when the conﬂict in question is produced as a direct consequence of diagnosing a previous conﬂict and is illustrated in
Figure 31 (a) for our working example. The implication sequence generated after asserting x 1
0 due to conﬂict leads to
another conﬂict
. The conﬂicting assignment and conﬂictinduced clause associated with this new conﬂict are easily determined to be
AC ( ) { x9 0 @ 1, x 10 C( ) ( x9 x 10 x 11 0 @ 3, x 11
¬ x 12 0 @ 3, x 12 1 @2, x 13 [email protected]} ¬ x 13 ) (3.6) and clearly show that the assignments that led to this second conﬂict were all made prior to the current decision level.
In such cases, it is easy to show that no satisfying assignments can be found until the search process backtracks to the
highest decision level at which assignments in A C ( ) were made. Denoting this backtrack level by , it is simply calculated
according to:
max { ( x) ( x, ( x) ) AC ( )} (3.7) When
d 1 , where d is the current decision level, the search process backtracks chronologically to the immediately
preceding decision level. When
d 1 , however, the search process may backtrack nonchronologically by jumping back
over several levels in the decision tree. It is worth noting that all truth assignments that are made after decision level
will CSETR29296: GRASP—A New Search Algorithm for Satisfiability 10 // Global variables:
Implication graph I
//
Clause database
// Input variable:
Current decision level d
// Output variable:
Backtracking decision level
// Return value:
CONFLICT or SUCCESS
//
Diagnose (d, & )
{
// Using (3.4)
C ( ) = Create_Conflict_Induced_Clause();
Update_Clause_Database ( C ( ) );
= Compute_Max_Level();
// Using (3.7)
if (βL != d) {
add new conflict vertex
to I;
record A ( ) ;
return CONFLICT;
}
return SUCCESS;
}
Figure 32: Description of the standard diagnosis engine
force the justidentiﬁed conﬂictinduced clause C ( ) to be unsatisﬁed. A search engine that backtracks chronologically
may, thus, waste a signiﬁcant amount of time exploring a useless region of the search space only to discover after much effort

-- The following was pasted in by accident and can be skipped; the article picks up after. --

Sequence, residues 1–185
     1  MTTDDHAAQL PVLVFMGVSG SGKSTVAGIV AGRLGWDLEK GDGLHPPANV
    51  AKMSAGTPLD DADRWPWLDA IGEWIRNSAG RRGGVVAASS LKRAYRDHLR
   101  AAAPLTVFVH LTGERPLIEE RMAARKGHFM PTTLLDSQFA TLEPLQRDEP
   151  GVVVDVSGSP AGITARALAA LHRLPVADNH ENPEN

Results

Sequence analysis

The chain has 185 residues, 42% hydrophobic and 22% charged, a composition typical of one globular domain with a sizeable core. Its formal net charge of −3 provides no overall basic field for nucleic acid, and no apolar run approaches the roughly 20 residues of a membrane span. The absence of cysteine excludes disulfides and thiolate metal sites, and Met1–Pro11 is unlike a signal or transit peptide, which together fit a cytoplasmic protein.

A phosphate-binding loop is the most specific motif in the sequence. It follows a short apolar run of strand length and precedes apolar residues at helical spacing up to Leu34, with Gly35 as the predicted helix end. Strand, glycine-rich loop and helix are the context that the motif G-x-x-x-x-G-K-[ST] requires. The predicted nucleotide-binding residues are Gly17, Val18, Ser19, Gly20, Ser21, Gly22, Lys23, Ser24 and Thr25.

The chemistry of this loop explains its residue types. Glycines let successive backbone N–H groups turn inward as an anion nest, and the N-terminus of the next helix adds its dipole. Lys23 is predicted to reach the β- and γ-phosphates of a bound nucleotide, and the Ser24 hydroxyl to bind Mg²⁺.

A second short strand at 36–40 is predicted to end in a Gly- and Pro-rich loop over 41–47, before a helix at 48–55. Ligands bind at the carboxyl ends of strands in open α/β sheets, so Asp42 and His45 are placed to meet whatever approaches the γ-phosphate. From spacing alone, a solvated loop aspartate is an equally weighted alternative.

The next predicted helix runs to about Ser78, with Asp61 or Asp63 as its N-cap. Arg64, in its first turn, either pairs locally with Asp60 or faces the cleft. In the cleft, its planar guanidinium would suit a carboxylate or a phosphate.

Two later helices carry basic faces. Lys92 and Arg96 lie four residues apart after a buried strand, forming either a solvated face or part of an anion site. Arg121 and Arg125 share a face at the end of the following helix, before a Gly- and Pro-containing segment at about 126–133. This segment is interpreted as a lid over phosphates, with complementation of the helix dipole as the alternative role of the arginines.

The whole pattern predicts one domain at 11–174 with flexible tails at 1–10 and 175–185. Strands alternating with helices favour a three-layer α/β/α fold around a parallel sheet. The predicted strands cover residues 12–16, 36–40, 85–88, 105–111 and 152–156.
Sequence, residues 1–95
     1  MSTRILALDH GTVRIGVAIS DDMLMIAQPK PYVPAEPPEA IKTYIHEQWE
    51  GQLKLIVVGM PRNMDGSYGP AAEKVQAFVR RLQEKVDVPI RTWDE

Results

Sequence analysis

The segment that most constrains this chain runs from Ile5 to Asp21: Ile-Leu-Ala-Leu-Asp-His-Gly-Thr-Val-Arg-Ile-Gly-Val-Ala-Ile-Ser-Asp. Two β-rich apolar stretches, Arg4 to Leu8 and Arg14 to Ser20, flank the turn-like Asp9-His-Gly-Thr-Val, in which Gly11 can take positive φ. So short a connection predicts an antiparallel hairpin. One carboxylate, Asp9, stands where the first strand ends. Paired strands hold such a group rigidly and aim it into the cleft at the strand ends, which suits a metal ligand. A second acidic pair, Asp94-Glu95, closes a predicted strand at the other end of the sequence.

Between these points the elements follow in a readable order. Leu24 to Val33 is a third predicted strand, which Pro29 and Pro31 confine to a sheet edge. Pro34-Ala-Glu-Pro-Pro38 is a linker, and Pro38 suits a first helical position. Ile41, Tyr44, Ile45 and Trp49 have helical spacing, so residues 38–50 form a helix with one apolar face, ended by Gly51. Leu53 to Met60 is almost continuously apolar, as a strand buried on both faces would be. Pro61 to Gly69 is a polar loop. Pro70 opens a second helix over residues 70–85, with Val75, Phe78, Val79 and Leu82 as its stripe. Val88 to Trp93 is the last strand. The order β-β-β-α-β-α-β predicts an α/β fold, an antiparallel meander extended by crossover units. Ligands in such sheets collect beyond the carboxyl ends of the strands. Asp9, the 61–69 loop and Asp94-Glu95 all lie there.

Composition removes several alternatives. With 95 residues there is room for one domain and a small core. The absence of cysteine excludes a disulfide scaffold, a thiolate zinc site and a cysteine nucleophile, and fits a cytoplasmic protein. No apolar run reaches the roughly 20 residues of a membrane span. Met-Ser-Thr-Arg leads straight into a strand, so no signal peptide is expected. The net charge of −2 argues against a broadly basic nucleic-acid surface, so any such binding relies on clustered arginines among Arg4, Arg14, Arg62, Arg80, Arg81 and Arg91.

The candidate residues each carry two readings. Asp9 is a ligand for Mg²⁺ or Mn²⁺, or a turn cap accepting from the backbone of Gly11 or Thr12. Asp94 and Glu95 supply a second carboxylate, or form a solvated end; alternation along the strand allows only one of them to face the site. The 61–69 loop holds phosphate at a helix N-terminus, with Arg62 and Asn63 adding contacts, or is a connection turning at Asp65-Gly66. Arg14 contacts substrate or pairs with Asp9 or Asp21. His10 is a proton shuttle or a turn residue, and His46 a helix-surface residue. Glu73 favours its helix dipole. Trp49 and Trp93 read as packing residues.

that the region does not contain any satisfying assignments. In contrast, the GRASP search engine jumps directly from the current decision level back to decision level . At that point, C ( ) is used to either derive a FDA at decision level or to calculate a new backtracking decision level.
For our example, after occurrence of the second conﬂict the backtrack decision level is calculated, from (3.6), to be 3.
Backtracking to decision level 3, the deduction engine creates a conﬂict vertex corresponding to C ( ) . Diagnosis of this
conﬂict leads to a FDA of the decision variable at level 3 (see Figure 31 (b)).
The pseudocode for the diagnosis engine in GRASP is shown in Figure 32 and illustrates the main features of standard
conﬂict diagnosis described above. The GRASP search algorithm described in this report is sound and complete. General
proofs of this claim can be found in [13, 26].
3.2 Variations on the Standard Diagnosis Engine
The standard conﬂict diagnosis, described in the previous section, suffers from two drawbacks. First, conﬂict analysis
introduces signiﬁcant overhead which, for some instances of SAT, can lead to large run times. Second, the size of the clause
database grows with the number of backtracks; in the worst case such growth can be exponential in the number of variables.
The ﬁrst drawback is inherent to the algorithmic framework we propose. Fortunately, the experimental results presented in
Section 4 clearly suggest that, for speciﬁc instances of SAT, the performance gains far outweigh the procedure’s additional
overhead. CSETR29296: GRASP—A New Search Algorithm for Satisfiability 11 One solution to the second drawback is a simple modiﬁcation to the conﬂict diagnosis engine that guarantees the worst
case growth of the clause database to be polynomial in the number of variables. The main idea is to be selective in the choice
of clauses to add to the clause database. Assume that we are given an integer parameter k. Conﬂictinduced clauses whose size
(number of literals) is no greater than k are marked green and handled as described earlier by the standard diagnosis engine.
Conﬂictinduced clauses of size greater than k are marked red and kept around only while they are unit clauses. Implementation of this scheme requires a simple modiﬁcation to procedure Erase(), which must now delete red clauses with more than